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You still need to be on guard after leaving domestic and family violence. Your abuser might try to find you and your children. Here are some ways to stay safe after you leave.
Don't tell anyone the location of your safe place, whether it's a friend's place or a women's refuge. Don't tell your family or friends, or the abuser's family or friends. If you have children, let them know not to tell anyone where you are staying.
You are putting yourself, your children and other women and children's lives in danger by telling someone the location of a refuge.
When you check into a women's shelter or refuge, you may want to be extra cautious and use a made-up name.
There is a chance that your abuser may be able to find you, despite how careful you are. It's a good idea to be prepared in case this happens by having a plan. Your plan could include:
If your abuser is at the door and begs and pleads for you to come back home, and saying that things will change – DO NOT GO. He is most likely saying anything to convince you to come home, but you're not going to be safe if you do go back.
Research shows that it is very difficult for many men to stop their violent behaviour. Attending a men’s behaviour change group is not a guarantee that he has changed or that you and the children will be safe.
If the abuser still has some of your things, you can always call Police to escort you to get them.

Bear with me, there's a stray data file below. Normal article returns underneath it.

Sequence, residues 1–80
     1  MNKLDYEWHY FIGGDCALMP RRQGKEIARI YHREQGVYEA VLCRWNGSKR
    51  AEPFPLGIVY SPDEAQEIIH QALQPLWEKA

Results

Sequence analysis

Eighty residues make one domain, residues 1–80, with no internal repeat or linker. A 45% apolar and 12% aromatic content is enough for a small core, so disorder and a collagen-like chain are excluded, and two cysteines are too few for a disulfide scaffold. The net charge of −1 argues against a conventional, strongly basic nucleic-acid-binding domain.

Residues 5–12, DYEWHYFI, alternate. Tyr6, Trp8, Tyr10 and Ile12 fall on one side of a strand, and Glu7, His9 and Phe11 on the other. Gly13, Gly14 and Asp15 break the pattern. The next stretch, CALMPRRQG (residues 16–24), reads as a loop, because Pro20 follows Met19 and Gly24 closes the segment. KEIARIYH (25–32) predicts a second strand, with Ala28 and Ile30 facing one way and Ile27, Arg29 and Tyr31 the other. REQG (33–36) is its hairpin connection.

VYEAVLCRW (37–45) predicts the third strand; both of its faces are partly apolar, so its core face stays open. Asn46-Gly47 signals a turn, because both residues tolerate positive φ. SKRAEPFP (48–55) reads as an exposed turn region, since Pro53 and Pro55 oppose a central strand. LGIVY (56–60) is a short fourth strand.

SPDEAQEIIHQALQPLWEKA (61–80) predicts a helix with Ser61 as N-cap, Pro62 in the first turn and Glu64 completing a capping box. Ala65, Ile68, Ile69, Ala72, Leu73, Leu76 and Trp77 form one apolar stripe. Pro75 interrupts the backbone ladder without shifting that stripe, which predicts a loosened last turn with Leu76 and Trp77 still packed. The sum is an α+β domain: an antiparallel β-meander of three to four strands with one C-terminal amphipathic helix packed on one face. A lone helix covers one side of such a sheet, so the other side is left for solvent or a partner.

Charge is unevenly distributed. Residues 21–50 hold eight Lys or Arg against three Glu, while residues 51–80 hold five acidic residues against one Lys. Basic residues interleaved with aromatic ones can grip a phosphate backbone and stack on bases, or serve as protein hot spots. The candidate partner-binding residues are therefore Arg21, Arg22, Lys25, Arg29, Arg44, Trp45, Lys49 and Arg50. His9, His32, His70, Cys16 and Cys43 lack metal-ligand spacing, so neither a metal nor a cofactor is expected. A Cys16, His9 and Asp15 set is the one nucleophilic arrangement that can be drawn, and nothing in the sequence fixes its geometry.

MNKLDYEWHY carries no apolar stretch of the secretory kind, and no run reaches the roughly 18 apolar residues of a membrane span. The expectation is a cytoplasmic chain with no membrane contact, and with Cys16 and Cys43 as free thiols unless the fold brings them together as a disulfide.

If you haven't already done so, apply for an AVO. An Apprehended Violence Order is a court order banning a person from assaulting, harassing, threatening, stalking or intimidating you. If the person breaches (breaks) the AVO, they may be charged with a criminal offence.
If you already have an AVO out against your abuser and he breaks the order, call police and report him. If the AVO prevents your abuser from coming near your workplace, tell your employer. Report him if he comes to your work. Keep a copy of your order at work or in your bag.
If you are staying in the same area as your abuser, changing your routine can help to keep you safe. Changing your routine can include:
If you see the abuser, get into a public or busy place as soon as possible. Have your phone ready to call Police on 000.
An abusive ex-partner can mean your place of work may not be a safe place, and doing your job may be hard if you're feeling fearful. Your abuser may make threatening calls or emails to your work, visit your workplace, or even harass your coworkers. This creates stress and puts you and everyone you work with at risk.
You may need to talk to your boss or supervisor about making some changes, such as working different hours, working at a different branch, store or office, and having security staff (if available) escort you to your car. Employers in NSW have a duty of care to provide employees, contractors and customers a safe workplace. They should be able to grant reasonable requests for survivors of domestic and family violence.
If you were married to your abuser, have children or property together, or are an immigrant, you will need the help of a lawyer. If you need to appear in Court regarding an AVO against your abuser, the Police will help you if you applied for it through them. If not, you will need legal counsel. Contact a lawyer through one of the free legal services available especially for people experiencing or have experienced domestic violence.